A Hero of Our Time Part 27
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I took a few steps... She drew herself up in the chair, her eyes sparkled.
I stopped still, took hold of the handle of the door, and said:
"Forgive me, Princess. I have acted like a madman... It will not happen another time; I shall see to that... But how can you know what has been taking place hitherto within my soul? That you will never learn, and so much the better for you. Farewell."
As I was going out, I seemed to hear her weeping.
I wandered on foot about the environs of Mount Mashuk till evening, fatigued myself terribly and, on arriving home, flung myself on my bed, utterly exhausted.
Werner came to see me.
"Is it true," he asked, "that you are going to marry Princess Mary?"
"The whole town is saying so. All my patients are occupied with that important piece of news; but you know what these patients are: they know everything."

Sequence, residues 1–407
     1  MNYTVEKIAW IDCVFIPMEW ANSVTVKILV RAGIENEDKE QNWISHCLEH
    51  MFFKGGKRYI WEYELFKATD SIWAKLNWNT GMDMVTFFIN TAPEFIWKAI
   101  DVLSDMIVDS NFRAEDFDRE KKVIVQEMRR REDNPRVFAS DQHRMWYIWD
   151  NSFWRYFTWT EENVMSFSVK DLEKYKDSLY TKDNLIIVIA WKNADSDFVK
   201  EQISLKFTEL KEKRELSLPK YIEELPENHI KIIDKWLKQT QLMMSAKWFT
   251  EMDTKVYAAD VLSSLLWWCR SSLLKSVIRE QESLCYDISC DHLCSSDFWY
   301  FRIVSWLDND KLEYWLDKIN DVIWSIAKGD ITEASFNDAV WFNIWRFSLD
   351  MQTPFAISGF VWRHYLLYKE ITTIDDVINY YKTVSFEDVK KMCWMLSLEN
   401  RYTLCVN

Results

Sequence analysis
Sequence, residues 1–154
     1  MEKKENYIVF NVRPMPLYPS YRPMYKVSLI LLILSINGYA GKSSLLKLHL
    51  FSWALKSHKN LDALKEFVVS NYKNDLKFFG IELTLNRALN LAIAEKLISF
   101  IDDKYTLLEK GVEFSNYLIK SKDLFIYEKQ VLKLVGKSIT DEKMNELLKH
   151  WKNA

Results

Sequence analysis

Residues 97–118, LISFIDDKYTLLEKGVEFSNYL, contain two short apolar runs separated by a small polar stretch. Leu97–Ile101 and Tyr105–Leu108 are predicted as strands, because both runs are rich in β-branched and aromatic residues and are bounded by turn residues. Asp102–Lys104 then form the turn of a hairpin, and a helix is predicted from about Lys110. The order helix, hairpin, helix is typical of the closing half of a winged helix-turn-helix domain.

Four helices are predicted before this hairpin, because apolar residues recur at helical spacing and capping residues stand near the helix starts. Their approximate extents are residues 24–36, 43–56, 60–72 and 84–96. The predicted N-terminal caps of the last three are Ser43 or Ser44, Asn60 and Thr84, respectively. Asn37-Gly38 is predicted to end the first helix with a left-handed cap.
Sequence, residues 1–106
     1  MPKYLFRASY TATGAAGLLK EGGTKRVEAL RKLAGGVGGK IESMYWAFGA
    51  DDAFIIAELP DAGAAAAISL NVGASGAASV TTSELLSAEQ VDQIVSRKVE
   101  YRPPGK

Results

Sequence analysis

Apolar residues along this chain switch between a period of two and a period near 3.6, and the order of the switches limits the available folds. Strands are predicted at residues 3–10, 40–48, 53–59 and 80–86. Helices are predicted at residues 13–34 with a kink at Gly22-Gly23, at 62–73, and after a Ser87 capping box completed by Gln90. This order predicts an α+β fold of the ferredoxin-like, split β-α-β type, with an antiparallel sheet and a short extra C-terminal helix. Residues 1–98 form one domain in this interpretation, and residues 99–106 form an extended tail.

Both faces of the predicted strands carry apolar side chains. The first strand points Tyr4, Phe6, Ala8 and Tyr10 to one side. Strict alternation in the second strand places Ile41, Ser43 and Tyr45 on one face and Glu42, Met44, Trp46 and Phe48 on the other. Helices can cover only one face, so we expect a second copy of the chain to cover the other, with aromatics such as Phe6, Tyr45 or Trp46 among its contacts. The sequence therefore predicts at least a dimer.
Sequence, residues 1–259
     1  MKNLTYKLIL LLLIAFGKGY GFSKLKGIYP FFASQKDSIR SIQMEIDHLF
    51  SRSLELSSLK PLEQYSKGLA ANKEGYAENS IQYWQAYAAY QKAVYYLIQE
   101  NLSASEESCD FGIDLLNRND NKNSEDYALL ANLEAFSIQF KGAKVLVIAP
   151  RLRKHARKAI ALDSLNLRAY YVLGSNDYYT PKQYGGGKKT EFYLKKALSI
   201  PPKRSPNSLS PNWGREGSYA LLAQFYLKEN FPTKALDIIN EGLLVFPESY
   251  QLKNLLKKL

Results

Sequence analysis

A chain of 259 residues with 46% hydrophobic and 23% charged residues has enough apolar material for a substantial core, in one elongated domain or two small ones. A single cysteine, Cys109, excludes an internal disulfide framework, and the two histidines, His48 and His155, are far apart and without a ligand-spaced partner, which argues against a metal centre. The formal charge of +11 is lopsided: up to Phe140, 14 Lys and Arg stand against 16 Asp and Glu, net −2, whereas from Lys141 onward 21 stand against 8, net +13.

"This is one of Grushnitski's tricks," I said to myself.
"To prove the falsity of these rumours, doctor, I may mention, as a secret, that I am moving to Kislovodsk to-morrow"...
"And Princess Mary, too?"
"No, she remains here another week"...
"So you are not going to get married?"...
"Doctor, doctor! Look at me! Am I in the least like a bridegroom, or any such thing?"
"I am not saying so... But you know there are occasions..." he added, with a crafty smile--"in which an honourable man is obliged to marry, and there are mothers who, to say the least, do not prevent such occasions... And so, as a friend, I should advise you to be more cautious. The air of these parts is very dangerous. How many handsome young men, worthy of a better fate, have I not seen departing from here straight to the altar!... Would you believe me, they were even going to find a wife for me! That is to say, one person was--a lady belonging to this district, who had a very pale daughter. I had the misfortune to tell her that the latter's colour would be restored after wedlock, and then with tears of grat.i.tude she offered me her daughter's hand and the whole of her own fortune--fifty souls,  I think. But I replied that I was unfit for such an honour."
Werner left, fully convinced that he had put me on my guard.
I gathered from his words that various ugly rumours were already being spread about the town on the subject of Princess Mary and myself: Grushnitski shall smart for this!
CHAPTER XIII. 18th June.